You feel waves of guilt. Always bigger than the wave before. It gets harder and heavier to keep your feet planted while the words and the thoughts wash over you… drowning you quite literally in a place you don’t want to stay in. Yet you don’t know where else to go. You wonder how you were ever anywhere else. You wonder why someone more grateful couldn’t have had your life. You would easily donate your time left to someone willing to receive it. You’ve heard people dismiss the opinions of those who’ve committed suicide before you. They say they were weak. They say they didn’t seek help. They say they were selfish and wrong. You begin to implant those words, those opinions, those identities in yourself. It doesn’t help. It makes you less tempted than ever to reach out to anyone. Due to judgement. Due to condemnation. Due to hopelessness of anyone out there who might dare to try on your shoes. You become easily envious of those in hospital beds, only a few breaths left until they pass. At most, they have loved ones around them, and they know they will not die in vain. You pray for something like that. You pray for a plausible death so that you don’t have to commit this sin. But praying for such a thing seems like a sin in itself. If anyone else heard your thoughts, they’d probably find you arrogant and self-absorbed. You come back to square one. Feeling completely and utterly alone.

To be depressed is feeling completely misunderstood, wildly incapable, and wholly alone.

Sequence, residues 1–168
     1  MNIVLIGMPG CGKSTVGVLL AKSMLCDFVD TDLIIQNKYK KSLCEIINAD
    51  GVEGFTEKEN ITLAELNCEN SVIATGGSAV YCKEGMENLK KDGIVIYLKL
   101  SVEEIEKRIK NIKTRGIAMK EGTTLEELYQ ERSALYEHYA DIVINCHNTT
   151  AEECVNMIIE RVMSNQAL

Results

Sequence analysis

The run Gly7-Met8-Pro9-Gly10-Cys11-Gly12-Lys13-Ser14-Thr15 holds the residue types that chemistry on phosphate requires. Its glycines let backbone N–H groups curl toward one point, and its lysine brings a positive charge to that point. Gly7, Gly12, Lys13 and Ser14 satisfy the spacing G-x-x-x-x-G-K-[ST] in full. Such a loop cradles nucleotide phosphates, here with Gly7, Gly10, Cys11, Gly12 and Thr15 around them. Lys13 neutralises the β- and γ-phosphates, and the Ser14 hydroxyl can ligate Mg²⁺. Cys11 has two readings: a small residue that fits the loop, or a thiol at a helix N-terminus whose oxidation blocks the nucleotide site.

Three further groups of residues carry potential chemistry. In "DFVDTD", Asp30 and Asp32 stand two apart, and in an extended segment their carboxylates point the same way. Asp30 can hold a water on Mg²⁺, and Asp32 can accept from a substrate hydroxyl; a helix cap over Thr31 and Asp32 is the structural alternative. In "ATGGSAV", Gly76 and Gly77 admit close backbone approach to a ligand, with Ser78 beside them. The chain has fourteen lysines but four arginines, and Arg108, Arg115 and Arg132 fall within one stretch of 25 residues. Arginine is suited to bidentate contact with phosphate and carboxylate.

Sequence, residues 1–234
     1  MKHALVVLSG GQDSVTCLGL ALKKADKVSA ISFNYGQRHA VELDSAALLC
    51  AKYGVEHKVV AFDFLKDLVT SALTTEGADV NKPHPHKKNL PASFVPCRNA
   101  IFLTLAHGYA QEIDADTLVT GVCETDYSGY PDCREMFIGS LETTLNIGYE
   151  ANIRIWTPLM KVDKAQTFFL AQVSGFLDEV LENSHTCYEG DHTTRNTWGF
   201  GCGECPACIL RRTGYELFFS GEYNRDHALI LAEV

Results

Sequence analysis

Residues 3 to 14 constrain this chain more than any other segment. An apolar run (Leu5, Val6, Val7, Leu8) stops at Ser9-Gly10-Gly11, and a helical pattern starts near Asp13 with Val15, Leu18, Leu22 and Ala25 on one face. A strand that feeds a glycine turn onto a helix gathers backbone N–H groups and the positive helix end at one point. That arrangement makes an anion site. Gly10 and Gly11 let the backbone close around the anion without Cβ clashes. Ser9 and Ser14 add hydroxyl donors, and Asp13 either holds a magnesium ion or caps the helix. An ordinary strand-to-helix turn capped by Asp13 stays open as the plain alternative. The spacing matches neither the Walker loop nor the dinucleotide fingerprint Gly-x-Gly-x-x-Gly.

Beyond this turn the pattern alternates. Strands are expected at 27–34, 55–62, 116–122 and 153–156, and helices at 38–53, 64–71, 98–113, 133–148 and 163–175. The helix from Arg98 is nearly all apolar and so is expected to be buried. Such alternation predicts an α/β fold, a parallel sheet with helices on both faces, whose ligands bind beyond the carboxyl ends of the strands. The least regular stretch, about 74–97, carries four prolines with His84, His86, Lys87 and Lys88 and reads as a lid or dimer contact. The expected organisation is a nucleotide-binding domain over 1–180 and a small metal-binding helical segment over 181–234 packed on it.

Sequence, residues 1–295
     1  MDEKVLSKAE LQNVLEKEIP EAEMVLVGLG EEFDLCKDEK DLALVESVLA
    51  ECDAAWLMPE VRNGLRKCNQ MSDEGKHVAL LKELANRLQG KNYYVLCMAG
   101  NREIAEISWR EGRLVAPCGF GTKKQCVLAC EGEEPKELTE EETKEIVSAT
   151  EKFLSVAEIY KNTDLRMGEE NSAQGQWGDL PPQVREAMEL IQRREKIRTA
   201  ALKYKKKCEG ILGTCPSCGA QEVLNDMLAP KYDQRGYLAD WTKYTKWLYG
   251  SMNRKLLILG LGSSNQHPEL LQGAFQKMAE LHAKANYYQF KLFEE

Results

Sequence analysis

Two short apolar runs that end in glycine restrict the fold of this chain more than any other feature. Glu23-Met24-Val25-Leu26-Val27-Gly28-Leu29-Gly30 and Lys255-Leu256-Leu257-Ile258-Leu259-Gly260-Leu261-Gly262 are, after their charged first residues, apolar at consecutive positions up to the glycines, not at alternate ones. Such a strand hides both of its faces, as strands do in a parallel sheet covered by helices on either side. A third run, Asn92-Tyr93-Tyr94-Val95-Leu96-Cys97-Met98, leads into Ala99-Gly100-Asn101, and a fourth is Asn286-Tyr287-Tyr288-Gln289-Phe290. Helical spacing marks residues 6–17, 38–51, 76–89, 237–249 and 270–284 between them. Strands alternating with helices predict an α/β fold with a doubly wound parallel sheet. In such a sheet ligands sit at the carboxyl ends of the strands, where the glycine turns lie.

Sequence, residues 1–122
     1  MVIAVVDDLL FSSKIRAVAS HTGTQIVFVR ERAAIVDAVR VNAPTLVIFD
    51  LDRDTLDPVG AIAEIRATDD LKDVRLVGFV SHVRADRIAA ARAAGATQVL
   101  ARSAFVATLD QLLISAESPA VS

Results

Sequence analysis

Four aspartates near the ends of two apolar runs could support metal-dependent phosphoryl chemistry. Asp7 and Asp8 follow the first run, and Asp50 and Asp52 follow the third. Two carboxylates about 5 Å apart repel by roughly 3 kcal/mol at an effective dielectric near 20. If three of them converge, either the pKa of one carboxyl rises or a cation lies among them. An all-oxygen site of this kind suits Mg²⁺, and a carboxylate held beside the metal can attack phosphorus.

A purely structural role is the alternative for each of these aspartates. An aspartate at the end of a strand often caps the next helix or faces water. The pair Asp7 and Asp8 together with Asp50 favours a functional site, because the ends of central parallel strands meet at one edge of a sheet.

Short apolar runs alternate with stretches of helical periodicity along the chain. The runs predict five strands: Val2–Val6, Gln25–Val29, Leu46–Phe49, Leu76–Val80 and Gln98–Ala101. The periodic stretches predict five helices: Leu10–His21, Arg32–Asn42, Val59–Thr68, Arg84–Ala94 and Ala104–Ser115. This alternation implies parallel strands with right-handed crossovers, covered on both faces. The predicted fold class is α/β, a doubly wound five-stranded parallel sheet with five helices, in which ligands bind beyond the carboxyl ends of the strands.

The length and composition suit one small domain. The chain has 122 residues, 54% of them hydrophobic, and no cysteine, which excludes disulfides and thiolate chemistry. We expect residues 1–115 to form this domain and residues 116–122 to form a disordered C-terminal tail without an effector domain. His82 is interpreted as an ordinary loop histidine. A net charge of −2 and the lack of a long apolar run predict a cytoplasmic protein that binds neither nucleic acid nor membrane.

What I want to educate others about thoughts of depression is that although someone’s feelings and views may seem dramatic or invalid at the time, you are not one to judge that. No matter the circumstance, the background, the size of the matter, everyone’s feelings and views are valid in their world. To them, it is everything. It is their lens, it is their emotions, and during that time being, all of those feelings and views are the realist things they know. So for someone to come up to them and say that it is not as difficult as it seems… you may as well have not given effort to “help” at all. This may go against the concept of discipline and hard truth. But in such fragile instances, a simple act or word could make it or break it for someone. There are definitely right and not so right moments to teach somebody a life lesson. But during the depths of dark depression is not the right time to lecture someone. It is the most pivotal time to love someone. To embrace someone. To comfort someone. To cherish someone.

What you can do is be there. Quite literally. Be present. Pursue them. Think of the ways in which Christ has pursued the Church even whilst we push away time and time again. Extend your time. Be bothersome if you have to. If you have an inkling, if you have even a remote curiosity that something might be wrong, don’t hesitate to open up a conversation about it. In reality, those suffering are dying for someone to see that they are barely making it inside. The fact that people don’t only affirms them in their mind that no one in their world actually ever knew them because they are obviously depressed and no one has noticed. Which makes them feel valueless. Unimportant. A burden.